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I've had no direct experience with the Midway kits but have a fair bit with Savage rifles. The switch barrel kits are in essence just replacement barrels. Set up within wide chamber depth limits they rely on the use of a headspace guage and the Savage barrel locknut system to be safely changed. A barrel wrench, headspace guage (in both calibers) are needed to change out barrels. This assumes casehead diameters remain the same. The rifle is field stripped, the wrench is used to loosen the barrel locknut and the the barrel is then simply unscewed. The new barrel is scewed into the action and a headspace 'GO' guage is inserted into the chamber. The stripped bolt is then inserted into the receiver and the barrel is scewed into the receiver ring until the 'GO' guage halts it's motion. The locknut (already on the barrel) is then tightened against the receiver and the rifle is re-assembled. Some caliber changes may also require other parts also be changed out. All the tools required are the headspace guages and a wrench to handle the Savage barrel locknut plus the normal tools needed to strip the rifle. Sounds simple and it is but please remember, each time this is done the headspace of the rifle is being set. This CAN create very dangerous situations and deserves the greatest of care in execution... good luck from the gunnut69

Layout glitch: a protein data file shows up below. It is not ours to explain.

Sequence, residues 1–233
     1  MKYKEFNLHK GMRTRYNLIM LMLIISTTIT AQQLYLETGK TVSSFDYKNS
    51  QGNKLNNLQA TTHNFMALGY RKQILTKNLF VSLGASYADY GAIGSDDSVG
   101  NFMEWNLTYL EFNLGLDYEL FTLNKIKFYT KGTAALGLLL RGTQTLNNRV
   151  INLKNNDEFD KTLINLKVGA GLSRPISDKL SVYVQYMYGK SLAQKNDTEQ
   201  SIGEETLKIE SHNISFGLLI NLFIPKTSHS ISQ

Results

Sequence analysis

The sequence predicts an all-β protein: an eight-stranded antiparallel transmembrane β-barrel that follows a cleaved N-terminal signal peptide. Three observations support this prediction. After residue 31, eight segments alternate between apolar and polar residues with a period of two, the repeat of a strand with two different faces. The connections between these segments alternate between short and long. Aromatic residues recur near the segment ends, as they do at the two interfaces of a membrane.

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Gunnut pretty much covered all the bases, one thing I would like to add is that purchasing or having access to a barrel vice and, or action wrench could be a must. I have only taken the original factory barell from two Savage rifles but both were very tight from the factory and not near as easy to break free as I thought they would be after reading posts from others who claimed to have done the conversion.

One other thing, make sure you take the scope base screw that is closest to the barrel out, it is likely against the threads of the barrel.
 

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I suppose I really didn't say it right. The barrel wrench for a savage 110 is really to grab the barrel lock nut. A barrel vise is a good idea but once the original barrel is broken loose, changing the barrels should become much easier. On the savages I've dealt with the barrel was locked in the barrel vise and the 'action wrench' actually grabbed the barrel nut. Midway sells the heaspace guages, action wrenches, etc. that you'd need to make the changes. Not really cheap but much less expensive than a built to order switch barrel gun would be!!
 
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